Posted by andreliem on
May 16, 2011
One of the most common pitfalls for teams is getting stuck on the sideline. It doesn’t take much for a good defensive team to pin an offensive player on the sideline and start the panic mode. We’ve all been there, you’re a handler who’s received a swing pass, or a lane cutter getting a pass near the side line. The wind is blowing hard against you, it’s freezing cold, and the defensive mark is almost forcing straight up.
In these times, you need to remember you have 10 stall counts, probably 9 by the time you think about it. The important thing is not to panic… if you’re not an experienced handler or don’t have an immediate up the line pass, square up with your handlers and stay committed to them instead of facing up field.
The illustration below shows how two handlers can cut off each other to provide an easy dump swing pass to create break side flow. Watch the play below and keep reading after for some notes.
This play works well because the handler dump cuts are reversed and less expected. Typically, the defensive player 2 will try to stop the up line pass and so has to follow player 2 up the line. This creates a quick opportunity for offensive player 3 to make a dump cut when the defensive player 3 is not in the best position. The key part is this cut, if the offensive player waits too long their defense will adjust and make this cut much harder. The handler (1) might have a hard time making what looks like a simple dump pass. So to help, the handler (1) should fake the throw to (2) so the mark bites on the pass. Once (3) receives the disc, (2) can reverse across the field for a break side pass. This should open up a decent gainer up field.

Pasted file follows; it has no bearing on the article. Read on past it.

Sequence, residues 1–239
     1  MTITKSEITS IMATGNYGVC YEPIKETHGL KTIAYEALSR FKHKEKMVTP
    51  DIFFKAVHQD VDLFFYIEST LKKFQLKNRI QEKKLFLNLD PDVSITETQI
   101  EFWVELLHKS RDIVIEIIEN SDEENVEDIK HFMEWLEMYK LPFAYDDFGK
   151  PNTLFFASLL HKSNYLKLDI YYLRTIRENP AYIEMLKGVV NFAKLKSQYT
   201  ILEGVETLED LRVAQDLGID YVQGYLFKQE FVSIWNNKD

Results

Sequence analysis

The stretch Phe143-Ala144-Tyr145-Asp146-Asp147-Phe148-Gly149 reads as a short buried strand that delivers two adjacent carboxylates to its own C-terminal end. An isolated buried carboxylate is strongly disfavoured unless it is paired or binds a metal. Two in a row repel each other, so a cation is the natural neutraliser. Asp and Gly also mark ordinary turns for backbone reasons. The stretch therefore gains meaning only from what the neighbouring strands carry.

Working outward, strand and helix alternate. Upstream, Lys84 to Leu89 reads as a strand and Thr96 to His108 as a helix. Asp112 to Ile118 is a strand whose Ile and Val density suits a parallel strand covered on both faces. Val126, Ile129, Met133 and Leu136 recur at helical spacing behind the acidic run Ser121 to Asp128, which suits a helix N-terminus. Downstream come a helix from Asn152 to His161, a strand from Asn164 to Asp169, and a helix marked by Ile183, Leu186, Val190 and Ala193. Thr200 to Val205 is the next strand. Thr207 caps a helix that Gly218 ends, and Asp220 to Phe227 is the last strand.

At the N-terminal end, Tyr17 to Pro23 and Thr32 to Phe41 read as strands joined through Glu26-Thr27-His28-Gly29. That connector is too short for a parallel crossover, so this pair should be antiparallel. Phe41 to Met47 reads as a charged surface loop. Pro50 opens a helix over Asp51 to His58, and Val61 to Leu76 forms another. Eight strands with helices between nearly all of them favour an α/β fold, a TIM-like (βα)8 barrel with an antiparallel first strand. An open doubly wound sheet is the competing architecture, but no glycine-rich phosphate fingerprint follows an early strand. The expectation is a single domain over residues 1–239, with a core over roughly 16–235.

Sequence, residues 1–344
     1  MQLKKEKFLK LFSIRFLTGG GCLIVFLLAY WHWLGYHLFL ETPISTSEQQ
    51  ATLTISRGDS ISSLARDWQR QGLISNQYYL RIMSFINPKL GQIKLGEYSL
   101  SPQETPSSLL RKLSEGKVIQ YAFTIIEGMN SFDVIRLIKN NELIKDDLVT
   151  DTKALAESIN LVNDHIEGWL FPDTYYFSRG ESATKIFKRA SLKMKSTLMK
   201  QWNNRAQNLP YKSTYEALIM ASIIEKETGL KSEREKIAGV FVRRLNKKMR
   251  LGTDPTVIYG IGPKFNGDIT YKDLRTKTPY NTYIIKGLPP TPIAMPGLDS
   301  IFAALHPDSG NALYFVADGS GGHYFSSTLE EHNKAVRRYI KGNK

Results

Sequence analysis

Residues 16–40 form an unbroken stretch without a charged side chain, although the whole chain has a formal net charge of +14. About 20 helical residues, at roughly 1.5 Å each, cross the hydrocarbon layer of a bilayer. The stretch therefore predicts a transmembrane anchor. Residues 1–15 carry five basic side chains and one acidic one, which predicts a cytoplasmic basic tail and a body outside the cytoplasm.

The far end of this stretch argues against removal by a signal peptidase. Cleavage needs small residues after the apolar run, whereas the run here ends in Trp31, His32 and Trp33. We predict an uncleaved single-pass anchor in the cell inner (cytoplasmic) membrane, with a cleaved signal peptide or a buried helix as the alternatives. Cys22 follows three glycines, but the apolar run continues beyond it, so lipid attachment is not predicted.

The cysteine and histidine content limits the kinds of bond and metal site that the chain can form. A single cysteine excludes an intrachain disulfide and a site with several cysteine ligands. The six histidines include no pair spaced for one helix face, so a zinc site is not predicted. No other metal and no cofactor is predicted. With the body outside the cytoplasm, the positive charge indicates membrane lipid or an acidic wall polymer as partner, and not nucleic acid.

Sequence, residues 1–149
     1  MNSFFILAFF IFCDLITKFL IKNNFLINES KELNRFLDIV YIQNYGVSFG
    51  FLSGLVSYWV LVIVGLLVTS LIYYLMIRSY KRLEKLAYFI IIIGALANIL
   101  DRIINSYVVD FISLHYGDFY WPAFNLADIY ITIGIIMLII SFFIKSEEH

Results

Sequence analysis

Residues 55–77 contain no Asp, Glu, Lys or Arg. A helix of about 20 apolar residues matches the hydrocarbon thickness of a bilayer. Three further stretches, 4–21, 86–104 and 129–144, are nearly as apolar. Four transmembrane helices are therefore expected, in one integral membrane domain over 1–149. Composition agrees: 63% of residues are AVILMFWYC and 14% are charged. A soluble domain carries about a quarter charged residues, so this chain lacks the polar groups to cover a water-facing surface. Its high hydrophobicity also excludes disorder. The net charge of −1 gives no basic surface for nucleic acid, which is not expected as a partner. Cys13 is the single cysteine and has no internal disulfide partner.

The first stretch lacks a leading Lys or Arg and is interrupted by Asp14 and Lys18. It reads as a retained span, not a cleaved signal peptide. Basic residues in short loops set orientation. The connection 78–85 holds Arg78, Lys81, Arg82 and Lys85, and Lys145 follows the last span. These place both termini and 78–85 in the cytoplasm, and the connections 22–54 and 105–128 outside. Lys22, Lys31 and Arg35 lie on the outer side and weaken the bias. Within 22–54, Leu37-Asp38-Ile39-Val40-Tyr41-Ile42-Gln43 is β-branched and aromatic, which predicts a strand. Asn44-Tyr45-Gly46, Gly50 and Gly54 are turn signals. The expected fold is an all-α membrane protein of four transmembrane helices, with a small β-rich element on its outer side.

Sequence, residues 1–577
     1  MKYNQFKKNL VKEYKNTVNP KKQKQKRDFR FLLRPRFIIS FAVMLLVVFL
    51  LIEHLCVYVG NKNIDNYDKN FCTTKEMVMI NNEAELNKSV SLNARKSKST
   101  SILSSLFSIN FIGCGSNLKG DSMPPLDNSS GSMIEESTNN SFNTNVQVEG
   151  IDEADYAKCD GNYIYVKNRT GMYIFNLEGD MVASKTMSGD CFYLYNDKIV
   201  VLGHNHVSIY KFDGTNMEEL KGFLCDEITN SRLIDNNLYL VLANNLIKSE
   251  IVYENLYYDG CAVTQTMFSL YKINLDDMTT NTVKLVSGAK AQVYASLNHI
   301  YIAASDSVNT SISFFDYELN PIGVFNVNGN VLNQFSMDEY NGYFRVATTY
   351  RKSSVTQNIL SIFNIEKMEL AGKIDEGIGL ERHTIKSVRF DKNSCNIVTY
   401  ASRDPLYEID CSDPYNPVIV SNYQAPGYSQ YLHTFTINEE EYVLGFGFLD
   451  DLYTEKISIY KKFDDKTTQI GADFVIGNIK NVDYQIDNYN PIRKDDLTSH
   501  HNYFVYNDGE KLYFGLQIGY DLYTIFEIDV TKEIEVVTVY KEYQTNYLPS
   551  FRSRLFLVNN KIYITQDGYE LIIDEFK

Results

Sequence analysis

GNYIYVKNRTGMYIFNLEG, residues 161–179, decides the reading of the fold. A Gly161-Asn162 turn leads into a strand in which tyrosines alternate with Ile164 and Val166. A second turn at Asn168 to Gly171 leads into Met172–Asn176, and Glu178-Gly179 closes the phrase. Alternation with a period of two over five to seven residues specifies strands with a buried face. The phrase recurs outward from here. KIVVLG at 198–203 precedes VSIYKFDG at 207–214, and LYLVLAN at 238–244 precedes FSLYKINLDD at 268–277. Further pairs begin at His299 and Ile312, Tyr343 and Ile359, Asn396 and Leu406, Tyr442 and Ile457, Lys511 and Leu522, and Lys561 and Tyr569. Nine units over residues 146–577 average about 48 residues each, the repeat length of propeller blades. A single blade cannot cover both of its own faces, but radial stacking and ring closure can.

Posted by andreliem on
May 4, 2011
One of the biggest struggles for beginner to intermediate teams is playing zone offense. For some reason a combination of change of pace, more throws, and open space can pose a lot of problems. On the other hand, for experienced teams, Zone O can be a easier than standard 1-1 when conditions are not too windy. In reality, it can be really simple to play effective Zone O for any skill level. The passes are usually shorter and easier to catch, but they require all the teammates to be involved. Whether that’s making space, swinging the disc, or crashing the cup, every player plays a role. Too often teams rely solely on handlers to dump and swing then huck. When in reality, it should be dump swing, pass to crashing wing, wing passes to another wing and so on. In particular with 1-3-3, the wings play a very important role as there is a lot of open space to work with.
The play below from playspedia.com illustrates how one crash of the cup can lead to some good flow up field.